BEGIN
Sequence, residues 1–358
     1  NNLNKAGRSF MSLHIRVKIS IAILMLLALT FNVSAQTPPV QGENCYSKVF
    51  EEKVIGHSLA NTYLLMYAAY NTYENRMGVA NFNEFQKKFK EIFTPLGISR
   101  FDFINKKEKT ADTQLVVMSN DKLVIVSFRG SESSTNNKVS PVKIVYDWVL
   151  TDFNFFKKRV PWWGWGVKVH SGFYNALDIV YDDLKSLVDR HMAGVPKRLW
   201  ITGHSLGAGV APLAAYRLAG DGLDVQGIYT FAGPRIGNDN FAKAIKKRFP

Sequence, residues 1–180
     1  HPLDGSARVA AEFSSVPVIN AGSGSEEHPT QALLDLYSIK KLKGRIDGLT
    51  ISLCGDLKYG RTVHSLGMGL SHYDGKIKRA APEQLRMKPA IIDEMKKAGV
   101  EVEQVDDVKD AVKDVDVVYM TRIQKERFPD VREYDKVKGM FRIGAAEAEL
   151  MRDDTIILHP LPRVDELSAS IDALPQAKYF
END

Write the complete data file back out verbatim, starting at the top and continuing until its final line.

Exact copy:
Sequence, residues 1–358
     1  NNLNKAGRSF MSLHIRVKIS IAILMLLALT FNVSAQTPPV QGENCYSKVF
    51  EEKVIGHSLA NTYLLMYAAY NTYENRMGVA NFNEFQKKFK EIFTPLGISR
   101  FDFINKKEKT ADTQLVVMSN DKLVIVSFRG SESSTNNKVS PVKIVYDWVL
   151  TDFNFFKKRV PWWGWGVKVH SGFYNALDIV YDDLKSLVDR HMAGVPKRLW
   201  ITGHSLGAGV APLAAYRLAG DGLDVQGIYT FAGPRIGNDN FAKAIKKRFP

Sequence, residues 1–180
     1  HPLDGSARVA AEFSSVPVIN AGSGSEEHPT QALLDLYSIK KLKGRIDGLT
    51  ISLCGDLKYG RTVHSLGMGL SHYDGKIKRA APEQLRMKPA IIDEMKKAGV
   101  EVEQVDDVKD AVKDVDVVYM TRIQKERFPD VREYDKVKGM FRIGAAEAEL
   151  MRDDTIILHP LPRVDELSAS IDALPQAKYF